Riddle Me This: Readers Ask Questions of Our Audiophile Guru
There is no question that the arena of home entertainment equipment is, like so many other specialist hobbies, littered with esoteric concepts, language and trinkets. Such that, to most outsiders it’s hard to traverse much ground without stumbling over the detritus of D’Appolito speaker configurations, air-suspension turntables, spade lugs, upsampling digital-to-analog converters and countless other yummies that only ordained audiophiles can, and do, drool over.
But the amount of techno-babble, not to mention the inherent complexities of new digital—and even analog—technologies confuses even yours truly. Trying to keep up can be a full-time job, and for most it just isn’t worth it.
Because of all this confusion, consumers can have a pretty rough time of it when trying to upgrade or purchase a new system. I know this to be true because many of you have emailed me your questions about what to buy and how to solve the component-matching game made so difficult by the glut of choices now on the market. And though we try to cover a wide variety of topics in this column, we are not always able to get as specific as some readers want, or, we may miss some issues altogether.
So here is a collection of some of the most common and the most intriguing questions I’ve received in the past several months in hopes that the solutions offered may be of help to others in the quest for better sound. We always welcome your questions or suggestions of topics for future columns (sent to email@example.com). We’ll gather the best in these pages once or twice a year as space allows.
Our first question comes from reader Glenn Junkert in Montana:
Mike, I’m taking you up on your offer for “sound advice.” My wife and I began our 32-year association with each other partly because of our common love for music/jazz, often stretching our budget for the sake of our music (I’m a retired public school teacher). We both read your column regularly and recently decided to dramatically upgrade our speakers, selecting a pair of Magnepan 3.6s, after reading your complimentary comments, over B&W, MartinLogan and Meadowlark. In short, we love the Maggies, if it weren’t for vexing listening problems.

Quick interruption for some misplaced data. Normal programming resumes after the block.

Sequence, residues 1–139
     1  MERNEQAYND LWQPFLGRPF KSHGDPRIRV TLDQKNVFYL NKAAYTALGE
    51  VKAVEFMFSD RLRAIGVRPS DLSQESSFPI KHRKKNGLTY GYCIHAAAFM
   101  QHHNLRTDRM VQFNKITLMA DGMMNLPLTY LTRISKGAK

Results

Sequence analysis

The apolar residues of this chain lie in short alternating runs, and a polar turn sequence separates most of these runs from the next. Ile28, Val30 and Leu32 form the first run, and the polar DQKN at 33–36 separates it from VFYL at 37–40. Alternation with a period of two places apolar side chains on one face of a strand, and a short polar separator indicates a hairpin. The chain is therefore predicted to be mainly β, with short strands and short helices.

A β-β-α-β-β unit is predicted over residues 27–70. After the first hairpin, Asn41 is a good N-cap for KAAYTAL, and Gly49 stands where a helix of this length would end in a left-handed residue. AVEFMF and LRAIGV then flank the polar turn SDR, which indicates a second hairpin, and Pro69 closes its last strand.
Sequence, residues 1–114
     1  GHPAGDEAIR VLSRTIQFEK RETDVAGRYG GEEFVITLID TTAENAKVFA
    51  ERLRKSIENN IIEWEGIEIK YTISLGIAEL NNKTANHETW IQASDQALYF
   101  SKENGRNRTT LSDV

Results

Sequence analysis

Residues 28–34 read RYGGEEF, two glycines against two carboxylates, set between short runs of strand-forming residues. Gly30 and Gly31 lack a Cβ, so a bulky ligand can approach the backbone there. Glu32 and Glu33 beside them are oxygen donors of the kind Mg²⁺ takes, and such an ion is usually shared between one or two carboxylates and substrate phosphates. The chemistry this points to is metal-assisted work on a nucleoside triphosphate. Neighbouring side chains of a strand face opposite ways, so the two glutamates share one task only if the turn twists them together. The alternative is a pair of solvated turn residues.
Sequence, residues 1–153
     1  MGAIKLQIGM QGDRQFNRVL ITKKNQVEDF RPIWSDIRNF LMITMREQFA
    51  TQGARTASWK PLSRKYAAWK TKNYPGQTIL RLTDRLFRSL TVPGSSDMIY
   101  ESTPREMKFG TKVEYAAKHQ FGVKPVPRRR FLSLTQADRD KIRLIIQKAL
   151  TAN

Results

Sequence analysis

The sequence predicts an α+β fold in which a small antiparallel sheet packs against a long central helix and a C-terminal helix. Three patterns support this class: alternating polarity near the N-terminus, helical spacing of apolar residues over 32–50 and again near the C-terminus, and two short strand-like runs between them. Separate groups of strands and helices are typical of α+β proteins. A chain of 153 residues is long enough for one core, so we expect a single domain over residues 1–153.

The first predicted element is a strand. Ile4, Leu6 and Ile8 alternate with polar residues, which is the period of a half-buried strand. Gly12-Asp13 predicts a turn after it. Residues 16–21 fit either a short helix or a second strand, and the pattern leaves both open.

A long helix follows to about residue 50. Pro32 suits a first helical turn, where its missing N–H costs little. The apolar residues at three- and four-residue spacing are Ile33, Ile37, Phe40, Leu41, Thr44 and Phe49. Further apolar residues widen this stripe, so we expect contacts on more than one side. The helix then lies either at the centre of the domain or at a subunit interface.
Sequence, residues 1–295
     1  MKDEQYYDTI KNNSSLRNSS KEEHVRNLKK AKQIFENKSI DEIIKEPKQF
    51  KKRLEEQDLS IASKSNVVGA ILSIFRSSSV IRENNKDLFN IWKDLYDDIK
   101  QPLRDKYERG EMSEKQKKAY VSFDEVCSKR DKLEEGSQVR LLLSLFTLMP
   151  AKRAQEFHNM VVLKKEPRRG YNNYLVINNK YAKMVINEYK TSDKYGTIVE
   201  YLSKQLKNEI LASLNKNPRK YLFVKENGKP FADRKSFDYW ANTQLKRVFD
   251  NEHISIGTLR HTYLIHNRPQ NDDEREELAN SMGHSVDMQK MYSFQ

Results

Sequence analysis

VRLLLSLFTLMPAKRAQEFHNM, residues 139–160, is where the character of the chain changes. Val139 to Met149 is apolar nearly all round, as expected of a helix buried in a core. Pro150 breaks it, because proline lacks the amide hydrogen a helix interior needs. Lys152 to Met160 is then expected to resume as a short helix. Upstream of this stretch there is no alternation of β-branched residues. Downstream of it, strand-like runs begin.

We can no longer listen to certain music on the 3.6s (big band, orchestral music, CDs with wide dynamic range) because the fuses (for both mids and tweeters) on the Maggies blow, blow, blow and blow again. We are not listening at excessive volume (moderately loud...much lower than our previous Polks or any other speaker we auditioned). We took them back to our dealer (a 400-mile round trip) who said they tested perfectly, and told us we couldn’t hurt the speakers, and to give them some time to mellow out. So we took them back home because we want them to work for us.
So now we can no longer listen to Chico O’Farrill’s “Carambola” brass shouts, nor the Carmina Burana, nor any music with a wide dynamic range, nor any music at moderately loud levels. We own Adcom (GFA-5500) power and preamps (which we’ve never had problems with) but would upgrade those if necessary. But is that the problem? Or are the Maggies simply incapable of reasonable room-filling volume? I can’t imagine speakers being incapable of merely moderate volume (we can speak over them). And if so, I know most music lovers would not pay $4,200 for them. Magnepan has a warning about playing their speakers (and burning them up) with blown fuses. Now, I jump at any “irregularity” and turn the volume down. What a pain. We’re losing our ability to luxuriate in the music as you so frequently describe. Help!
The answer to this is relatively easy because I experienced the same problem when I owned those same Magnepan speakers. Like you I tried to power them with an Adcom amplifier, and I was constantly blowing fuses and was never able to achieve reasonable volume levels. The problem does in fact lie with the Adcom amp; it just can’t provide the current needed to drive these fairly finicky speakers. Don’t be confused by output ratings measured in watts. Though the Adcom can produce 200 watts of power, the current is still not adequate for the demands for power made by the Maggies. I would suggest talking to your dealer about auditioning another amplifier that is capable of delivering more current, not necessarily more watts, to your speakers, and I’ll bet you solve your problem.
As a follow up, here is what happened next according to Mr. Junkert:
You might be interested to hear that my Montana Magnepan dealer shipped me a Rotel RB-1080 amp and an RC-1070 preamp out of the blue over the weekend. The result was another (this time a two-stage) musical epiphany. I replaced the components in stages, starting first with the power amp, where the most significant improvement in quality—sound stage, detail, translucence, warmth and just pure ability to deliver the signal—took place. I know it’s no miracle, but improvements that drastic can seem so. I then hooked up the RC-1070 and experienced another significant upgrade in detail, accuracy and enjoyed many subtle nuances of “observing” sound as music, of hearing information I’d never previously heard.